As many teachers and students once again are working online for the next several weeks at the very least, we have gathered a number of online resources and tools that can be used to engage student learning. This is part 1 of a 2-part series exploring online tools and resources related to War and Remembrance, Peace and Conflict.
Do you have other suggestions for works that could be included on this list? We’d love to hear them! Let us know by tagging @CndHistAssoc on Twitter and using the hashtag #CHATeachingResourcesChat
Library and Archives Canada – Military Heritage
Library and Archives Canada holds an extensive collection of records of the Canadian men and women who have served in the military and in the early years of the North West Mounted Police. There are records relating to Loyalists, the War of 1812, the Rebellions, the South African War, the First World War and the Second World War, many of which are featured in databases, research guides and virtual exhibitions. The records include muster rolls, military service files, unit war diaries, medal registers, photographic collections, documentary art and posters, as well as published sources.
There are more than twenty-online resources related to Canada’s military heritage and extensive databases that students can access. https://www.bac-lac.gc.ca/eng/discover/military-heritage/Pages/military-heritage.aspx.
Library and Archives Canada Blogs:
Nicole Watier. “Your Ancestor Was a Canadian Volunteer in the Spanish Civil War?” Library and Archives Canada Blog (blog), January 16, 2020. https://thediscoverblog.com/2020/01/16/your-ancestor-was-a-canadian-volunteer-in-the-spanish-civil-war/.
Campbell, Heather. “Inuit Soldiers of the First World War: Lance Corporal John Shiwak.” Library and Archives Canada Blog (blog), November 11, 2019. https://thediscoverblog.com/2019/11/11/inuit-soldiers-of-the-first-world-war-lance-corporal-john-shiwak/.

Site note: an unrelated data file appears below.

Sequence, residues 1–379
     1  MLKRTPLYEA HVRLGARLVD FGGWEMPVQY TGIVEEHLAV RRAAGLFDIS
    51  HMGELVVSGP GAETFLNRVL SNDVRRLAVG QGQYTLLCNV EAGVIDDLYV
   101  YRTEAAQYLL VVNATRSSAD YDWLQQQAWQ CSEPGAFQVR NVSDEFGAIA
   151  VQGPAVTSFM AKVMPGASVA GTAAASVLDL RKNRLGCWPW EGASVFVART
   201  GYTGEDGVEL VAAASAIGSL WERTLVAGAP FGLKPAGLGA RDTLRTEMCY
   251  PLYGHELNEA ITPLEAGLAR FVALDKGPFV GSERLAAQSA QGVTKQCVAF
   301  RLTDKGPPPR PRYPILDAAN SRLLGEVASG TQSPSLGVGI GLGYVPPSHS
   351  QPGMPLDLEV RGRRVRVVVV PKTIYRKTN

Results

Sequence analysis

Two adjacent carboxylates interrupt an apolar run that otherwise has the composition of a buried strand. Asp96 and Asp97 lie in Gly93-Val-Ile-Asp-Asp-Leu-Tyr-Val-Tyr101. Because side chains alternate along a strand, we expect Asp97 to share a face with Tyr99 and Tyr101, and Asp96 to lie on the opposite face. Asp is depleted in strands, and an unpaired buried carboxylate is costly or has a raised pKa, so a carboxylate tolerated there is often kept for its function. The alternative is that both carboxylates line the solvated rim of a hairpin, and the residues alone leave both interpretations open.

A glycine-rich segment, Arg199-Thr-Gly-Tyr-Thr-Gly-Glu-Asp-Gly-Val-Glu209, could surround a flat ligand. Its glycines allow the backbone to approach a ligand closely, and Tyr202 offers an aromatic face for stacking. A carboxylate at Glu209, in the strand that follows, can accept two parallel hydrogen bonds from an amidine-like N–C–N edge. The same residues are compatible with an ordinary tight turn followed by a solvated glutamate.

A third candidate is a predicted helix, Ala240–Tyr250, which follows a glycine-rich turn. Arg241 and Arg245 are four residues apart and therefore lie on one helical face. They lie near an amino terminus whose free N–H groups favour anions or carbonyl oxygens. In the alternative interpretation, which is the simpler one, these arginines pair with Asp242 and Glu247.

Kawenaa Montour, Elizabeth. “Tom Cogwagee Longboat’s Life and Legacy.” Library and Archives Canada Blog (blog), December 23, 2019. https://thediscoverblog.com/2019/12/23/tom-cogwagee-longboats-life-and-legacy/.
Horky, David. “Recognition and Remembrance: A Métis Soldier in the Canadian Expeditionary Force, 1917–1918.” Library and Archives Canada Blog (blog), November 9, 2019. https://thediscoverblog.com/2019/11/09/recognition-and-remembrance-a-metis-soldier-in-the-canadian-expeditionary-force-1917-1918/.
Beginning in 2013 and finished in August 2018 https://www.bac-lac.gc.ca/eng/news/Pages/2018/First-World-War-database-completed.aspx, more than 620 000 records from the First World War were digitized and files range from 20 to 75 pages each, with many thousands of staples and clips removed. Databases relate to soldiers, chaplains and nurses. https://www.bac-lac.gc.ca/eng/discover/military-heritage/first-world-war/personnel-records/Pages/personnel-records.aspx.
See the work of historian Nic Clarke to better understand the context of the database of those recruits who were rejected on medical grounds: https://activehistory.ca/2016/10/unwanted-warriors-an-excerpt/.
Nic Clarke, Unwanted Warriors: The Rejected Volunteers of the Canadian Expeditionary Force. Vancouver: UBC Press, 2015.
For assignments and classes that cover the Dominion / Colony of Newfoundland and the experiences of the Royal Newfoundland Regiment and Forestry Corps, the Newfoundland Regiment and The Great War https://www.therooms.ca/thegreatwar/the-beginning/entering-the-great-war database could be of interest! More information about Newfoundland’s role in the First World War, as well as detailed descriptions of the types of documents included in the files, can be found on the introductory page of the website of the Rooms Provincial Archives https://www.therooms.ca/ in St. John’s, Newfoundland.
Sample searches your students can undertake to meet assignment / curriculum objectives:
- Student family names
- Places or communities where students are from or now live
- Looking for the age of those who enlisted
- Occupational searches
- Circumstances of soldier deaths
Nursing Sisters Co-lab Project
Murray, Rebecca. “Women in the War: A Co-Lab Challenge.” Government. Library and Archives Canada Blog (blog), October 21, 2021. https://thediscoverblog.com/.
Co-lab is a project that can be regularly checked to see if there is work that may be of interest to your students and to match activities with your curriculum objectives. See the sample project below. https://co-lab.bac-lac.gc.ca/eng/Challenges/Details/1011.
The Call to Duty: Canada’s Nursing Sisters
The First World War saw a major mobilization of soldiers, equipment, supplies and medical staff. Between 1914 and 1918, 2,003 women enlisted with the Canadian Expeditionary Force (CEF) and went overseas. The war was perceived as exclusively male, but the presence of nursing sisters near the front and close to the line of fire has shattered this misperception and highlighted the importance of female caregivers during the war. These women looked after almost 540,000 soldiers and worked near the battlefields under difficult conditions.
Check out the letters, diaries and photographs of Canadian nursing sisters who served during the Great War. Follow these nurses as they witness the destruction of war, participate in social events, and help patients, as you transcribe, translate, tag and/or describe their writings and photographs.